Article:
April is Financial Literacy Month and to mark the occasion, the National Foundation for Credit Counseling released a new survey about our money habits and our feelings about our financial lives. The survey found that 41 percent of respondents would grade themselves a "C" or lower when it comes to financial know-how; and 61 percent of U.S. adults don't have a budget, the highest percentage in six years. A third of households carry month-to-month credit card debt; and about two-thirds have not checked their credit scores or reports in the last 12 months. In other words, we stink at this money stuff. To help, the folks at the nonprofit Money Management International (MMI) created a 30-step path to financial wellness, which sounds like an awful lot of work to me, but isn’t financial wellness is worth it? If you are sensing a hint of sarcasm, you are spot-on. You probably expected me to jump on the financial literacy bandwagon, but I actually have some problems with the financial literacy movement.
Five years ago, when I left the financial planning and money management business and became a financial journalist, I had hopes that with a clear, easy-to-understand message, I could somehow help inform the masses. While that may be true, my view of financial literacy changed dramatically after I read Helaine Olen’s fantastic book, “Pound Foolish”. I was fortunate to interview Olen last year and thought the occasion of Financial Literacy Month would be a perfect time to check back in with her.
I asked Olen how she felt about financial literacy and she quickly responded “it takes an incredibly complex and complicated financial services world, and thrusts all responsibility for navigating it safely on the customer. It presumes that the reason we can't save is that we lack the skills, and doesn't even deign to acknowledge the fact that the cost of health, education and housing has skyrocketed as our salaries have stagnated and fallen.”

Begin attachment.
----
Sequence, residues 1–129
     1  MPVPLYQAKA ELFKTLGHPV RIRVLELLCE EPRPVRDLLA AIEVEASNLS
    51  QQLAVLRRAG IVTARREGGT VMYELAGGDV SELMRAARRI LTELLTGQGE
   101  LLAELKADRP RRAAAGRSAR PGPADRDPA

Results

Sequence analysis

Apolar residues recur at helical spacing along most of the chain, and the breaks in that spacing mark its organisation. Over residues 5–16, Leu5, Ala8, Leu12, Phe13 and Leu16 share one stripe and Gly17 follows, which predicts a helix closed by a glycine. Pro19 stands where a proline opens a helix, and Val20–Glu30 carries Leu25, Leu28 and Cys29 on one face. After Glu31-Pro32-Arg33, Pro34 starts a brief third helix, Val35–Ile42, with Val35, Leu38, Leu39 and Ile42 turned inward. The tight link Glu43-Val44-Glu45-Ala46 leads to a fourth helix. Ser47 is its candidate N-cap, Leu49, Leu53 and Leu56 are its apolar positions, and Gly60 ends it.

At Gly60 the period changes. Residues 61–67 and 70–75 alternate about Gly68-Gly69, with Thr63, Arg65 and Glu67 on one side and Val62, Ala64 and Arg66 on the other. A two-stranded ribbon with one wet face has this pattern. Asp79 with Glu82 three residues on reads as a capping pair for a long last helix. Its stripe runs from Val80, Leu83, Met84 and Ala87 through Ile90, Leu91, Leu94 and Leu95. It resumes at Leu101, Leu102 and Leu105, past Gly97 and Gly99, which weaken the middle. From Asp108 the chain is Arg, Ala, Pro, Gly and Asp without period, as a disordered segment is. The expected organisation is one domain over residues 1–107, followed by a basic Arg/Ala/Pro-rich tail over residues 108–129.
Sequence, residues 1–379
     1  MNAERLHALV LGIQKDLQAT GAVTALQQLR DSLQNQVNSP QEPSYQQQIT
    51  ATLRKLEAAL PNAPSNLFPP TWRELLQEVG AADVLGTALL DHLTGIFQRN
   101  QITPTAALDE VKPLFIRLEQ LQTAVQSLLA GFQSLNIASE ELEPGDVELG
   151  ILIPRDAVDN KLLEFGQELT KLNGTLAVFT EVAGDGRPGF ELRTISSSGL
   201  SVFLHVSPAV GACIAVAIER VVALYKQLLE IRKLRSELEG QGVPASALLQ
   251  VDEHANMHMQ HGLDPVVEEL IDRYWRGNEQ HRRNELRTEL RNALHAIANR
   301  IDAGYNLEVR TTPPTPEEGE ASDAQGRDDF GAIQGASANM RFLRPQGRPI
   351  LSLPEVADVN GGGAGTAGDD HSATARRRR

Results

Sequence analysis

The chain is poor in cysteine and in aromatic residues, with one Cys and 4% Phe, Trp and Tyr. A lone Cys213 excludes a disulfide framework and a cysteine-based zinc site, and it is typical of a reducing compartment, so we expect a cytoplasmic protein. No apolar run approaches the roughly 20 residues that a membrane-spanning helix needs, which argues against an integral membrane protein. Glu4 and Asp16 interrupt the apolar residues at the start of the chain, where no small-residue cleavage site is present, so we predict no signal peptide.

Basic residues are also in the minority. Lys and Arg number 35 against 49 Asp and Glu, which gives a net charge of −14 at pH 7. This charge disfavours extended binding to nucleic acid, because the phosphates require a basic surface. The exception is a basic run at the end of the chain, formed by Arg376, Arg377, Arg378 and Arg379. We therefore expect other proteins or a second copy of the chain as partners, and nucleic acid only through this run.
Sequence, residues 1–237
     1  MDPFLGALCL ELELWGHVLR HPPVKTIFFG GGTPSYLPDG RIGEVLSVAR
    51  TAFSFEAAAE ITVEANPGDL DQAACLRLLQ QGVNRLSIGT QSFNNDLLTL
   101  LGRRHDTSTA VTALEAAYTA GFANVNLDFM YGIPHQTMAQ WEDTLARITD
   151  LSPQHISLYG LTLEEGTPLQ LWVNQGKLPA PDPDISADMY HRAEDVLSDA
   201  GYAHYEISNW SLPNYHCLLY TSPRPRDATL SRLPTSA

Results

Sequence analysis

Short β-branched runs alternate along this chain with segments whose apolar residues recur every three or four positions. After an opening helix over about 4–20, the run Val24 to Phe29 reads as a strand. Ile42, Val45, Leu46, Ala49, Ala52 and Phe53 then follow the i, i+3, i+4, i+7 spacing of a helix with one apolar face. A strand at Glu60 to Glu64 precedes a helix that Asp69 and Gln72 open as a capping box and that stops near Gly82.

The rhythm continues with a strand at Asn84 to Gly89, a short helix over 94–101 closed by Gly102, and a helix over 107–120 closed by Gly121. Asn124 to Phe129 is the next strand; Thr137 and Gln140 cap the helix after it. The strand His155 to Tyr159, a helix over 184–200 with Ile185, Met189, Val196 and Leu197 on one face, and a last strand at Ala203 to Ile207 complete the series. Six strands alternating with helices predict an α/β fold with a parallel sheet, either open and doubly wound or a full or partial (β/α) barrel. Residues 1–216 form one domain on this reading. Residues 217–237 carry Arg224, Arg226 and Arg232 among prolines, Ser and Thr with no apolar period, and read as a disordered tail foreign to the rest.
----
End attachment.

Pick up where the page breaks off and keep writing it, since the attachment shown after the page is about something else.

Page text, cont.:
It’s tough to argue against financial literacy – after all, it sounds like a good idea, and if you argue against it, Olen says that it “sounds like you are against apple pie, but the fact is that it doesn’t work.” Sure, it’s better to have an understanding of basic financial concepts, just like it’s a good idea to understand rudimentary health care to be physically fit. But here’s the eye-opener: data indicate that financial literacy simply does not work. Despite millions being spent on financial education projects, people are not that much wiser about the subject. Olen says, “Students who study the subject seem to know no more or less than those who do not.” And plenty of financially savvy people do dopey things with their money all the time.
That it doesn’t work should not be surprising, because Olen notes that much of the financial literacy effort is financed by big financial institutions, whose motives may be suspect. Many of these big companies promote their public education projects, while at the same time, they continue to sell murky and complicated products.
If you are feeling insecure about your financial prowess, I urge you to seek guidance only from those advisors who adhere to the fiduciary standard, which requires that advisors put the interests of clients first. Those financial professionals with the CFP® certification from the Certified Financial Planner Board of Standards are fiduciaries, as are CPA Personal Financial Specialists, and members of the National Association of Personal Financial Advisors (NAPFA).
Both NAPFA (NAPFA.org) and the Financial Planning Association (plannersearch.org) have tools to help you find financial professionals in your area, who are fiduciaries. NAPFA advisors are fee-only, meaning that they do not accept any commissions, while FPA members include fee-only, fee-based and some who do accept commissions.
Perhaps one way to celebrate Financial Literacy Month is to acknowledge that you need help from someone who puts your needs first; can separate emotions from the equation; and who can guide you through life’s financial milestones.